This weekend I experienced my first major crisis as a youth pastor. It was about 4pm on Friday afternoon, and I was at McDonald’s with a student. That’s when I got the phone call. The voice at the other end was shaky, and eventually went on to tell me one of our seniors had been in a very serious accident. As I drove up to the hospital a million thoughts were racing through my mind. What if he doesn’t make it? What do I tell his parents? What do I say to his sixth grade brother? What if I can’t keep it together? As my mind was racing, all I could say was, “God please be with me.” Walking into the hospital to meet parents who are upset, and fearing for their child’s life is never an easy circumstance. There were some things that I have learned throughout this process that will be staples for me in times of crisis…here are a few.
- God is in control. We can be mad, angry, sad, and speechless about the present situation, but we must always rest in the fact that God is in control. Hold on to the idea that God can use tough circumstances to bring Him glory, no matter how bad that situation looks (Genesis 50:20).
- Be there. Never underestimate the power of presence. This particular youth’s parents do not attend church, however they were so glad to be surrounded by their student’s youth pastor and small group leaders.
- Pray hard. When I arrived at the hospital, one of the very first things the mother said was, “Please pray.” This struck me because these people do not attend a church, or seem to have any interest in Christianity, however she definitely saw the power of prayer that day. About 5 or 6 of us from church showed up and began praying for our student. It was a powerful and emotional time of prayer.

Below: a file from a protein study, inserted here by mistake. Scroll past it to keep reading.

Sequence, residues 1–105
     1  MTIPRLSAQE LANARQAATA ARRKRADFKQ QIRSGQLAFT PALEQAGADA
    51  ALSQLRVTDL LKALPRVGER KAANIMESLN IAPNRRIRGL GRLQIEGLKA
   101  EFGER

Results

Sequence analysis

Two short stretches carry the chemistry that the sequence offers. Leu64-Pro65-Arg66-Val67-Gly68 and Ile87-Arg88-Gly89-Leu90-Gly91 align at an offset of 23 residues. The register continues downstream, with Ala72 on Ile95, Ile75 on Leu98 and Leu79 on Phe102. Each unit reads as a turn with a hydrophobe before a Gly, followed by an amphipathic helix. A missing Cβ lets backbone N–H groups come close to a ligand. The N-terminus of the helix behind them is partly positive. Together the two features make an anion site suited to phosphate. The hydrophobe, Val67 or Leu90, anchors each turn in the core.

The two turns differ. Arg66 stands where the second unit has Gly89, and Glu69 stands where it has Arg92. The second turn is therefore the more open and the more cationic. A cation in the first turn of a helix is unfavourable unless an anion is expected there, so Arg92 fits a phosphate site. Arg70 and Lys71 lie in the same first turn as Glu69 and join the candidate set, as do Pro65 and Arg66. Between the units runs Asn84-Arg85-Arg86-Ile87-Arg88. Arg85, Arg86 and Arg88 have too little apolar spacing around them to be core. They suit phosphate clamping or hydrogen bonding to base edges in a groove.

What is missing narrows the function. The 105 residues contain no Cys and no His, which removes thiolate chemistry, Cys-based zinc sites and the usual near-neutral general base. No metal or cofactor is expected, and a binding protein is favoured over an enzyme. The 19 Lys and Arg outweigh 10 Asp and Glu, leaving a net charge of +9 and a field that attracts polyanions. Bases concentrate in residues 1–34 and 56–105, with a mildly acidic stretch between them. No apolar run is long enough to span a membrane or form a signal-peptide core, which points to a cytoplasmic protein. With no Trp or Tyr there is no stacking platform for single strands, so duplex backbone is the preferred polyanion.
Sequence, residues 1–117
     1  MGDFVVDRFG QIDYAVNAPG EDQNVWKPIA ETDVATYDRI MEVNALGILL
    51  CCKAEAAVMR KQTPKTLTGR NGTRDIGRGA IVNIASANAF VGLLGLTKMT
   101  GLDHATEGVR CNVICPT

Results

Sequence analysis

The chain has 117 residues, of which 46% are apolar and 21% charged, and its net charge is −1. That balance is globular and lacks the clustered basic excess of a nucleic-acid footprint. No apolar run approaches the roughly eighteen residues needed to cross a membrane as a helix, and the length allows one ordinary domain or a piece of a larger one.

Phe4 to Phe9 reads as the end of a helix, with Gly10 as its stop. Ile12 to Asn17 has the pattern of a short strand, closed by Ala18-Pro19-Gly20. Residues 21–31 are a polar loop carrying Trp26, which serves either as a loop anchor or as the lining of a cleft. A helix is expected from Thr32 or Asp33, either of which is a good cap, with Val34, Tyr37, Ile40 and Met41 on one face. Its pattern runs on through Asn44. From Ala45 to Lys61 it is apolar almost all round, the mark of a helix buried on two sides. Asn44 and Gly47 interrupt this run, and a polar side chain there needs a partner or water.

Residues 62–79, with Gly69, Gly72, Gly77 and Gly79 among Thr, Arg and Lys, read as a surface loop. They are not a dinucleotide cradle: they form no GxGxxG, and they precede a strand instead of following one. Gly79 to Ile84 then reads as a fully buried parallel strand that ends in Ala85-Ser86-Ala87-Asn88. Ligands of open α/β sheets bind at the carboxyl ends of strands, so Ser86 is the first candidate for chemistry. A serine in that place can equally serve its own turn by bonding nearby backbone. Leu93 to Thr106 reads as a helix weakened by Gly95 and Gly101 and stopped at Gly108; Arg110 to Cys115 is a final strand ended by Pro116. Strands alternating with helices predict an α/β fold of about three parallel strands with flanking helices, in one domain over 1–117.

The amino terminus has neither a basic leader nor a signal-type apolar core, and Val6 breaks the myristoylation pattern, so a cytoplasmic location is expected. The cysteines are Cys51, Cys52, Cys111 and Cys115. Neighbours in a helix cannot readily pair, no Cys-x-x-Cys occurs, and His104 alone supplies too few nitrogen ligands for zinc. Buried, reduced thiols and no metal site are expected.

- Help out with the family tasks. When a family is in a crisis, they don’t think about daily tasks. Go buy their family dinner for that night. Find out if you can set up a person to cook food for them for the rest of the week. Get a group of students together to take care of their yard work. Pick up their children from school. Whatever you do, help the family out with things that may not be on their radar, but need to be taken care of.
- Silence is OK. It’s not up to you to entertain the hurting family. I found myself wanting to fill the silence in the waiting room with conversation. This desire to fill the silence led me into meaningless conversation. I learned very quickly that in crazy times, silence can be best.
- Use this time as a witnessing opportunity. We have been reaching out to this student’s family. We brought our senior pastor up to the hospital, and he got to meet the family, and let them know how much we have been praying for them. That is one of many things we have done. Some things you can do are, invite the family to church, or have them over to your house. Don’t let this just be a circumstance, but use this as an opportunity for God to work on people’s hearts.
Those are some things I learned this weekend. What else would you add to this list?
Alex Wierda is the Youth Pastor at Central Christian Church.